If you think your impermeable area was calculated incorrectly, there is a means to get it corrected.

    To date, no one has provided an alternative means to fund drainage improvements. I have to guess they are all just haters of any government spending whatsoever.

  9. Jules says:

    Ross, are you kidding me? I think a lot of people don’t understand the propositions and try to figure them out from the ballot. Anyone that regularly comments on political blogs is way more informed than most people. The fact that the Mayor neglected to include the words “fee” or “tax” on the ballot language is disgraceful, and is now costing everyone in the City.

    And by the way, the Supreme Court of Texas agrees with me, not you.

    I voted against it, but I was informed from sources other than the ballot language.

    My impermeable area was calculated incorrectly and I did get it corrected.

    What about property taxes for drainage improvements? What if everyone, even Kroger and Walmart paid property taxes? What if the TIRZ money went to streets and drainage?

  10. Ross says:

    Jules, what part of “can’t increase property taxes due to stupid revenue cap” do you not understand? The City doesn’t have the capability to increase taxes to pay for the needed improvements.

    Kroger and WalMart pay taxes. I don’t think we should be giving abatements at all, unless there’s something in it for the city. Oh, that’s right, those are 380 agreements, where a party funds improvements that should have been paid for by the City, then recovers the cost out of increases in property taxes until the total has been repaid.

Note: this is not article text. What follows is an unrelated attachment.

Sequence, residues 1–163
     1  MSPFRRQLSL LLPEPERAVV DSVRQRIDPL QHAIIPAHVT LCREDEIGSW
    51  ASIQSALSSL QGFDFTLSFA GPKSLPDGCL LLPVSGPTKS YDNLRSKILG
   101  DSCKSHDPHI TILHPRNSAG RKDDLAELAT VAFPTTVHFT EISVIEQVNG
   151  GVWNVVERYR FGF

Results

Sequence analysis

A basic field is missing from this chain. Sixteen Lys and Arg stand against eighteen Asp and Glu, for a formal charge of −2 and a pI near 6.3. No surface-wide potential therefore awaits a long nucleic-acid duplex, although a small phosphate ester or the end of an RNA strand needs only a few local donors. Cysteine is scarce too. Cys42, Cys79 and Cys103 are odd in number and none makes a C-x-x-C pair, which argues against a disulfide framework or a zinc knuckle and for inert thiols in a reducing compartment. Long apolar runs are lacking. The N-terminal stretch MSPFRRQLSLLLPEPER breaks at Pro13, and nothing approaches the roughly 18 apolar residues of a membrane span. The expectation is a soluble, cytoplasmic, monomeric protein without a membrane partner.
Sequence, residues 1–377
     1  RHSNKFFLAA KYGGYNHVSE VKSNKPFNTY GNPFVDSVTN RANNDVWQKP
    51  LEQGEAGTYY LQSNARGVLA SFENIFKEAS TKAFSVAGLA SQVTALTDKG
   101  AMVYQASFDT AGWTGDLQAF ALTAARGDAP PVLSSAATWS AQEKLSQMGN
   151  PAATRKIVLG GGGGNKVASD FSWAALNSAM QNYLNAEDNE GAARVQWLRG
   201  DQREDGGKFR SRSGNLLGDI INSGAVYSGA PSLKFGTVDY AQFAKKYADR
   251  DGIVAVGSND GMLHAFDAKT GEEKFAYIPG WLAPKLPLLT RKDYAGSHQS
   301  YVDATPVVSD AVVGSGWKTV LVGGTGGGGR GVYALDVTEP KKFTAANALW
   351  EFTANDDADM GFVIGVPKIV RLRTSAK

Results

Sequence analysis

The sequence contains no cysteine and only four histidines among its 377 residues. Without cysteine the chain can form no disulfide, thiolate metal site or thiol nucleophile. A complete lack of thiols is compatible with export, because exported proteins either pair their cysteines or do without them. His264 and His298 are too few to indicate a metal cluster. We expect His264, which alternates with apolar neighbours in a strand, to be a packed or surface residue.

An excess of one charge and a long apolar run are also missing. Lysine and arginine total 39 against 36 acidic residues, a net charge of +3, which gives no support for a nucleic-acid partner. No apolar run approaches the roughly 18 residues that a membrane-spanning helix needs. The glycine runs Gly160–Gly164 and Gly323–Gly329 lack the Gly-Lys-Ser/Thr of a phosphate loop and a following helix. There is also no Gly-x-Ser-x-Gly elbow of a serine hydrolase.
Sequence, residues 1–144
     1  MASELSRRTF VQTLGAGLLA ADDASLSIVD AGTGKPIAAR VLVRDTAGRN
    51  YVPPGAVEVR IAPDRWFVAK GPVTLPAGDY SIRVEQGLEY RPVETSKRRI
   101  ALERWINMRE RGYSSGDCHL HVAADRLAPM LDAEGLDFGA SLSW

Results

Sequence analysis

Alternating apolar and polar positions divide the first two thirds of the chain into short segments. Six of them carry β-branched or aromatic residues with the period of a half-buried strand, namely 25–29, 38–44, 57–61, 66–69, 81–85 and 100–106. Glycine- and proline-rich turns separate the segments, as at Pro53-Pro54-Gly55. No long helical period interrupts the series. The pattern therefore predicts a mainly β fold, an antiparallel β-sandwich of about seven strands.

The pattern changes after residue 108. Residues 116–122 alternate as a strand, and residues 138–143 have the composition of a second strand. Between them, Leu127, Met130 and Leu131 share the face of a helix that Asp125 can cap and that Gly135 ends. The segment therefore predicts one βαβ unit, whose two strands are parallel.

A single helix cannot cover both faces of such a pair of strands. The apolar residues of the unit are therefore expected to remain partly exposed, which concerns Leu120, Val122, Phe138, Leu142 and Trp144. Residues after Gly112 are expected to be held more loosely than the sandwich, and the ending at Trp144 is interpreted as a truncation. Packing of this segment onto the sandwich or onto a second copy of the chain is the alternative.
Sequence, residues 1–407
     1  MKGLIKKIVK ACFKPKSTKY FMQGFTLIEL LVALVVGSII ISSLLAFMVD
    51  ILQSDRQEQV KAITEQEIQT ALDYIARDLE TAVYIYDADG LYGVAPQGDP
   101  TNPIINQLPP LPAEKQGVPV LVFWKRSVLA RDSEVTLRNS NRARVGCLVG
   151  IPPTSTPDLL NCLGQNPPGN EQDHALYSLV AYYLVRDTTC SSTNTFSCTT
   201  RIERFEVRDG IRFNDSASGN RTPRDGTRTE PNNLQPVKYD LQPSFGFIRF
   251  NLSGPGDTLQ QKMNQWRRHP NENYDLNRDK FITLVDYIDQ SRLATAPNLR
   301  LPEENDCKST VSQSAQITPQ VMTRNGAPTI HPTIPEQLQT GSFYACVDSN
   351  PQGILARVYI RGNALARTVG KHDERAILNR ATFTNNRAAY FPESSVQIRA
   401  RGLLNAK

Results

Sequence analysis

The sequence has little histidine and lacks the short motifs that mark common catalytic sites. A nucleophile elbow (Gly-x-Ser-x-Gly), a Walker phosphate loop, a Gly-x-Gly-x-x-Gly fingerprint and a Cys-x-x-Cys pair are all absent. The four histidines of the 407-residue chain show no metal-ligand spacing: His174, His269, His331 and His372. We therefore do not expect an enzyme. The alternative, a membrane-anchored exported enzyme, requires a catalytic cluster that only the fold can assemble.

I am not kidding. There was nothing confusing about the ballot language. My 12 year old read it and said “that means there’s going to be a charge of some sort”.

    Some of the TIRZ money does actually go to streets and drainage. And that TIRZ money is one way to get past the revenue cap.

    The nice thing about the drainage fee is that it can be recovered from otherwise tax exempt parties (although, the City punted on that one). There’s no reason a church , school, or any other entity shouldn’t pay for their drainage impact. Churches and other tax exempts should also pay for fire and police protection, but that’s another issue.

  11. Jules says:

    And what does the City get for the Downtown 380 agreements? Oh, yes, nothing.

    Your 12 year old is probably smarter than most people. I’m not kidding.